The Australian Prudential Regulation Authority says only 2.3% of housing and SME loans were subject to repayment deferral at the end of November. At the height of the pandemic crisis the figure was over 10%.
Deferrals peaked in May at more than 12% of all housing loans but stood at only 2.8% by the end of November.
Even more remarkable have been SME loans: in May SME deferrals peaked at 17.5% of loans but have improved markedly since September to only 2.4% by the end of November.
Those figures were accompanied by a jump in housing approvals since June of 40%, with total approvals at 17,205 in November and figures for the year totalling almost 170,000.
“Who would have thought just a few months ago that we’d see figures at that level,” says independent economist Saul Eslake.
Almost half of homeowners expect their property value to shoot up in 2021, while pent up demand will “wash through” property markets.
A survey by ME Bank finds that 46% of owner-occupiers expect the value of their dwelling to increase during 2021, while only 5% expect decline.
The survey shows a significant shift from six months prior, when only 22% expected dwelling prices to rise and 25% expected them to decline.
ME Bank’s head of home loans Andrew Bartolo says that buyer activity is expected to rise year-on-year, after many buyers and sellers were “waiting to see” in 2020 before making any decisions. “Pent up demand will wash through early 2021,” he says. “More investors will re-emerge in 2021 in search of income and capital growth.”
REIA president Adrian Kelly says housing markets recorded respectable growth over 2020 and with limited stock and strong demand, 2021 should see further price increases.
Home-owners rank paying off their mortgage as their greatest life priority, yet over 50% don’t know the interest rate on their home loan.
Research commissioned by Mortgage Choice finds a disconnect between the increased financial concerns borrowers are experiencing from the pandemic and knowledge of whether their interest rate is competitive.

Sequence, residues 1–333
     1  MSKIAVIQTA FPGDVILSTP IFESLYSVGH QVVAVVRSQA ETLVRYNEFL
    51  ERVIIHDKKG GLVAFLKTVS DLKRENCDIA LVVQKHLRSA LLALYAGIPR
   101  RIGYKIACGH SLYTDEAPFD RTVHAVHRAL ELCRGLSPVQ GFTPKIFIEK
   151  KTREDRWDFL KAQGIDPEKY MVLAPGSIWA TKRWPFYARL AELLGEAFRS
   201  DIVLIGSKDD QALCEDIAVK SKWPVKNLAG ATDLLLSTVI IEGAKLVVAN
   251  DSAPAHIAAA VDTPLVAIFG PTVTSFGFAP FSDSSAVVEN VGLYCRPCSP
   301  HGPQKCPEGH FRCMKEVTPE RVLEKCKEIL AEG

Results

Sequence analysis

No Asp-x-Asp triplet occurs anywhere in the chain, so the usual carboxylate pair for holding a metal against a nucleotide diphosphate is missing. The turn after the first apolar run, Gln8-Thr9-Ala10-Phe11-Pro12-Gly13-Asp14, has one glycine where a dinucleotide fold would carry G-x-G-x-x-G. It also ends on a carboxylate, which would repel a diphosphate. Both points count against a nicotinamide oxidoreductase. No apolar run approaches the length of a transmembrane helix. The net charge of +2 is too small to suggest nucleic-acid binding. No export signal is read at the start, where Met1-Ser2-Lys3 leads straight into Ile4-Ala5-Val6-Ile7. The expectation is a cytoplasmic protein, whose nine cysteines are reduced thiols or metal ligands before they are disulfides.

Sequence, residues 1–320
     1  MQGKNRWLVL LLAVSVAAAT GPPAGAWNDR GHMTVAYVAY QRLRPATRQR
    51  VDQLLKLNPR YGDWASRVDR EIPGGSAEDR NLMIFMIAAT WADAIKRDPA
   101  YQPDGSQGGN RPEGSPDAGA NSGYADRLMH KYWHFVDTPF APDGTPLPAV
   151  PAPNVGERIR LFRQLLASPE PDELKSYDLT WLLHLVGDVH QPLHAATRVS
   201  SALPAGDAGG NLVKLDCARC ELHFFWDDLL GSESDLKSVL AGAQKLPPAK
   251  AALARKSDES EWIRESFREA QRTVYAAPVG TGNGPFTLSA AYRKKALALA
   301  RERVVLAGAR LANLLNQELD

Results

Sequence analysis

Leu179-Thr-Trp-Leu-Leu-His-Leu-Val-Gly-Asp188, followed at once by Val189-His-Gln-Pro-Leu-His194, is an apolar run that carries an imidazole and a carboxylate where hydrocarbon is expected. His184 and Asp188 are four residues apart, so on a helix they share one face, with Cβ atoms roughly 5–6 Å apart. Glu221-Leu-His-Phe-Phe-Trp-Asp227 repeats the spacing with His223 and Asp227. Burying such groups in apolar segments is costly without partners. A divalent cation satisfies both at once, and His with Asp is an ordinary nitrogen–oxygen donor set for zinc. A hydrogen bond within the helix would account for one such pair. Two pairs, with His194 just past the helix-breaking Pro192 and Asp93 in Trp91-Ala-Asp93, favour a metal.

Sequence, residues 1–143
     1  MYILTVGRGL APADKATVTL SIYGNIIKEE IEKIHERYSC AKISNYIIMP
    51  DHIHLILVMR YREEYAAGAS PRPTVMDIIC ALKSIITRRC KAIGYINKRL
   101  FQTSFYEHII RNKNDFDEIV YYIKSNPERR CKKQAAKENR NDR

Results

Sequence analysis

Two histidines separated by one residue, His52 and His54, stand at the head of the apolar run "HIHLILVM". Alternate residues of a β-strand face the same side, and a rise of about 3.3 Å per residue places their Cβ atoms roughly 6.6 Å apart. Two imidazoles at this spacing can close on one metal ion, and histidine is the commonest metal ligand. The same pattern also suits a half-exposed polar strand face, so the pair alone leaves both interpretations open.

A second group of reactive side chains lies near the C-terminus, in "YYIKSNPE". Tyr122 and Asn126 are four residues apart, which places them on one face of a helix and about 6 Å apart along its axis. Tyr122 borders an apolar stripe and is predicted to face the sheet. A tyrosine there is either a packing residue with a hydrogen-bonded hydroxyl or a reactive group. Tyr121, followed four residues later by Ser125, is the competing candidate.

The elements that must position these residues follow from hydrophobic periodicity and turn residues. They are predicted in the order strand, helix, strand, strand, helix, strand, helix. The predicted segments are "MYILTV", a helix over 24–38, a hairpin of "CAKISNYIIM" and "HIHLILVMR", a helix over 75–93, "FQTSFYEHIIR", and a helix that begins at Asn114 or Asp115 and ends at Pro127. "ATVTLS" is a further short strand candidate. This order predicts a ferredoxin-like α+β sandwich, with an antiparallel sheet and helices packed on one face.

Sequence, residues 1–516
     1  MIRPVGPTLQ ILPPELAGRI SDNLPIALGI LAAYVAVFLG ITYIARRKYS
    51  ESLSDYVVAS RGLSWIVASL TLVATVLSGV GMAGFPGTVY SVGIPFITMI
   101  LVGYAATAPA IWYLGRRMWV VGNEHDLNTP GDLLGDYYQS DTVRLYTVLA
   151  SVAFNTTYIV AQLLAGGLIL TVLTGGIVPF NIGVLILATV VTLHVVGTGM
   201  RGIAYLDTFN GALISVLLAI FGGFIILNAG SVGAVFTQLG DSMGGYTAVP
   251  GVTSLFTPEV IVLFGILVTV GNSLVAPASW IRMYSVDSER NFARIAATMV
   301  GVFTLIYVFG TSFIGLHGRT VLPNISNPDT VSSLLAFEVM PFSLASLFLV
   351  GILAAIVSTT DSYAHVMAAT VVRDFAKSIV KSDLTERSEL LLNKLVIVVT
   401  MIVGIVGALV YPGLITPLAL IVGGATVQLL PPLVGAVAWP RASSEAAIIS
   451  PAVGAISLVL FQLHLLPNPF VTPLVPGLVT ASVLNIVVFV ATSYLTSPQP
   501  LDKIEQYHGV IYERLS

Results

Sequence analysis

Only 46% of respondents know their current interest rate. Mortgage interest rate apathy appears to be increasing, with fewer Australians knowing their rate in 2020 compared to previous surveys (61% in 2018 and 71% in 2016).
This comes at a time when the pandemic has put more people under financial pressure. Over 62% of Australians say the pandemic has caused them to worry more about money, with 66% trying to save more, spend less and improve their financial knowledge.
Mortgage Choice CEO Susan Mitchell says: “It’s so important to know your interest rate because the chances that you are paying too much are extremely high.”
Property prices are predicted to rise by 10% or more in most capital cities this year, as smaller cities outpace Sydney and Melbourne.
CoreLogic’s latest house price data shows that all cities except Melbourne, as well as most regional markets, recorded solid to strong growth in 2020. This momentum is expected to continue into the New Year.
AMP chief economist Shane Oliver says the current growth trends will continue through the first half of 2021.
“I see gains in prices propelled by low interest rates, government incentives and easy lending standards,” Oliver says. “But that masks a huge divergence, with suburban houses doing better than units in inner-city areas, and lagging cities like Perth playing catch-up.”